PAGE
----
How you test Slump Sealants Effectively like a Pro
Slump is a test for concrete that hasn't yet cured. It can happen with concrete with a low slump that is quite stiff or concrete with a higher slump is more fluid. Concrete is commonly referred to as Slump when it comes to its consistency or flow ability.
Determination of Proper Slump
Decorative concrete uses a different slump for different applications even if it is limited to just decorative concrete. If you order concrete from a ready-mix plant, you will have to tell them how flow-able or stiff you would like the concrete to be. A number is assigned to the concrete quantity.
Standard Test Method for Sealants Slump
The purpose of this test method is to determine the degree of slump of a sealant in a vertical joint of a structure by performing a laboratory test. ISO 7390 is a related standard. You should compare it with this test method to see how it differs.
As separate standards, inch-pound values and SI values should be regarded. An inch-pound unit is displayed in parentheses in the text.
If there is any safety concerns related to its use, this standard does not seek to address them all. Prior to utilizing this standard, it is the user's responsibility to establish appropriate safety, health, and environmental practices, as well as determine whether regulatory limitations apply.
Why you need Slump Test?
In a vertical joint, excessive sag or slump may result in an improper bead shape or inadequate sealant thickness.
The purpose of slump measurements, according to this test method, is to evaluate only this application characteristic. Nevertheless, they cannot predict how the sealant will perform after installation.
1. Flow Test Jig.
2. Gravity Convection Oven having a temperature-controlled at 50 plus minus 2 degrees centigrade.
3. Steel Spatula.
4. Plastic scraper, plastic tile.
Solvent- you can use solvent such as methyl ethyl ketone in this test.
At least five hours at 23 degrees plus or minus two degrees are required, both for the test jig and the sealant.
1. A test jig is cleaned thoroughly with the solvent, placed on a level table with the front facing upward, and the plunger is depressed until it reaches its limit.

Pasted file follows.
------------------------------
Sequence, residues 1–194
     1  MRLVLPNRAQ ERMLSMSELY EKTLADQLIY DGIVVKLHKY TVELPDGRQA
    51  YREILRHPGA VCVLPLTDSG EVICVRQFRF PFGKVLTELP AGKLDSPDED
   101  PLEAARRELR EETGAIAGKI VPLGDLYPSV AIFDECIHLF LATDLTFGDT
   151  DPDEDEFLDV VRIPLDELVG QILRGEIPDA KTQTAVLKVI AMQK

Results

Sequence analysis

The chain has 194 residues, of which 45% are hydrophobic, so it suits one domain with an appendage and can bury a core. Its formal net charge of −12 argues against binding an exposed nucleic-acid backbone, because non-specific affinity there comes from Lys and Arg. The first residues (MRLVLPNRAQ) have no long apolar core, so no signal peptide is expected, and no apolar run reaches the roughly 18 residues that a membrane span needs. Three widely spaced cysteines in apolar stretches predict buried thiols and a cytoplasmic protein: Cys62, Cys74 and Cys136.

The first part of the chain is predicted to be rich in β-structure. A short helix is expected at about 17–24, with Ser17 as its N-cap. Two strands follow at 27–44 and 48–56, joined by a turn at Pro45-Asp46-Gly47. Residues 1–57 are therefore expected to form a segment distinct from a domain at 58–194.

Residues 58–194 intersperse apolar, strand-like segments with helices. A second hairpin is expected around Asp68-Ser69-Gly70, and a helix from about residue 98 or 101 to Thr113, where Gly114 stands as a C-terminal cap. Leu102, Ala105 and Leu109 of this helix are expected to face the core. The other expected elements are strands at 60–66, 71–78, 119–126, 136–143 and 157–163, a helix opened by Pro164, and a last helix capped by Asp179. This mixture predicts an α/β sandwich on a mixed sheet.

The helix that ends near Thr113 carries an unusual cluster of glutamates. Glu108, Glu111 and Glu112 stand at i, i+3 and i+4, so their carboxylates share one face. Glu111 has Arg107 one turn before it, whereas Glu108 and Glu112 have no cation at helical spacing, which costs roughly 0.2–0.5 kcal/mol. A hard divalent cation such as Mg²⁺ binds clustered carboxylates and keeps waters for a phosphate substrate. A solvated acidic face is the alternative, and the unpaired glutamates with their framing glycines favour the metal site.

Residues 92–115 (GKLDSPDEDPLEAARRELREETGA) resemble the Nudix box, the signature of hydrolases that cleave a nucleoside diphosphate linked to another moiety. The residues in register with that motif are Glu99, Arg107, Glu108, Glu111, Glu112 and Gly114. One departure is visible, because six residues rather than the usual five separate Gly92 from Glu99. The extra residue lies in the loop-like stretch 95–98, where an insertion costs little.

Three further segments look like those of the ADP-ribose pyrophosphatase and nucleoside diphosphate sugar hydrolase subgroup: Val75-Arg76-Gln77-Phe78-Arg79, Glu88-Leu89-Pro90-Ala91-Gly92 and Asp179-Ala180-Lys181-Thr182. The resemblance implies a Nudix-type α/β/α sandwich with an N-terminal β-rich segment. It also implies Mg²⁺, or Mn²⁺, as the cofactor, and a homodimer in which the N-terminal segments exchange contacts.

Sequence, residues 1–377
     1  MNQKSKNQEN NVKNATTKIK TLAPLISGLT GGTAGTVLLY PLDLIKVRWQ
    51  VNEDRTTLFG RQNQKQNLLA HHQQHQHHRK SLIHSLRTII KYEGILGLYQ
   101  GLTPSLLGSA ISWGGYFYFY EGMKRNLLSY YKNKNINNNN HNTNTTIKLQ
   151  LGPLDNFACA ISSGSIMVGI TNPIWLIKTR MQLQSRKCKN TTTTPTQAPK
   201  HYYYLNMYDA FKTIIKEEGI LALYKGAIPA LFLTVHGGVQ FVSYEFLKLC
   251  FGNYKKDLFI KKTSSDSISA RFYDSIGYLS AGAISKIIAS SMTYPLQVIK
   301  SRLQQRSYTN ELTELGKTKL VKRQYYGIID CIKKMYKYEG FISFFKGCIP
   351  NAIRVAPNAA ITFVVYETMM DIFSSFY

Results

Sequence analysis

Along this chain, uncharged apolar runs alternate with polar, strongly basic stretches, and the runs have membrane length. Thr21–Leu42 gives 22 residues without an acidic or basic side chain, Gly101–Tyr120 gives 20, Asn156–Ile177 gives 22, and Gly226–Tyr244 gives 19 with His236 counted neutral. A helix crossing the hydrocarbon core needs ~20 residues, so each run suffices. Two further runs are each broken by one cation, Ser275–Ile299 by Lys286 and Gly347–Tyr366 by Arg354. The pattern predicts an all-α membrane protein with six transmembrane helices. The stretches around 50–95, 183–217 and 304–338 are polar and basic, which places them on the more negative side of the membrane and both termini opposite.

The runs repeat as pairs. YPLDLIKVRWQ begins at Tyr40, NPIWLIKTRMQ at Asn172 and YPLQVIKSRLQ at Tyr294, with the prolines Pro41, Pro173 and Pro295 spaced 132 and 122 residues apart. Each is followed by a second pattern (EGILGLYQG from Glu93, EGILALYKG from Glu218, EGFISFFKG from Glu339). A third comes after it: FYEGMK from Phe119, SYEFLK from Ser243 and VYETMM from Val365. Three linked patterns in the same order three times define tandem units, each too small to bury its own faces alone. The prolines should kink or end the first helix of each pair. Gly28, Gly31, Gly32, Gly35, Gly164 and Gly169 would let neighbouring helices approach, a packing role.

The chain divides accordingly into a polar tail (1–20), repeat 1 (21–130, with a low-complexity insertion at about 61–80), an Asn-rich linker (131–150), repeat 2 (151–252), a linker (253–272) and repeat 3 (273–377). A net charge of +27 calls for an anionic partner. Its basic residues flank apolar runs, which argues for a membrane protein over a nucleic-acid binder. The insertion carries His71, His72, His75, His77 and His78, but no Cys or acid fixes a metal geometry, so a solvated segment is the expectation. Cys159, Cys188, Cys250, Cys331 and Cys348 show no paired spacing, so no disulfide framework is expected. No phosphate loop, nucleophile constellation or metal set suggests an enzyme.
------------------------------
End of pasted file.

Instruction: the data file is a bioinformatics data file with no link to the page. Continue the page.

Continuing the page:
2. In the jig cavity, mixed, conditioned sealant is placed, and the sealant is leveled flush with the surface of the block.
3. The plastic scraper must be gently raised at an angle of 45° to accomplish this. This sealant avoids the formation of air pockets, especially in the areas near the plunger.
4. Plastic scraper and cloth are used to clean the cavity; the jig is placed on top of it immediately and gently moved to one-half of its maximum travel, or 4.75 mm.
5. A solid cylinder of caulking or sealant, 38.1 mm in diameter and 4.75 mm thick, is left ready to flow down the face of the instrument.
6. After placing the jig into the oven, it is maintained at 50 degrees plus or minus 2 degrees for 30 minutes while being careful not to move the oven during this time.
7. Take a reading at the end of the 30 minute period to the nearest 0.2 mm of the compound's maximum flow point.
8. The jig needs to be cleaned and reconditioned as described above.
9. The previous points should be repeated with another sealant specimen.
Slump readings are recorded for each specimen in both tests, along with an average value.
Two separate inter laboratory tests provide precision statements for this test method. Two oil-based sealants were tested in triplicate by five laboratories. On the other hand, four independent laboratories investigated four solvent-release sealants, each tested in duplicate.
To learn more, watch the following video tutorial.
Video Source: Civil Site visit
In 95% of cases, the difference between test results obtained by different operators in different laboratories over the same material could be as much as 1.93 mm.
With 95% confidence, a variation of up to 1.07 mm may occur between two test results obtained on the same material by the same operator.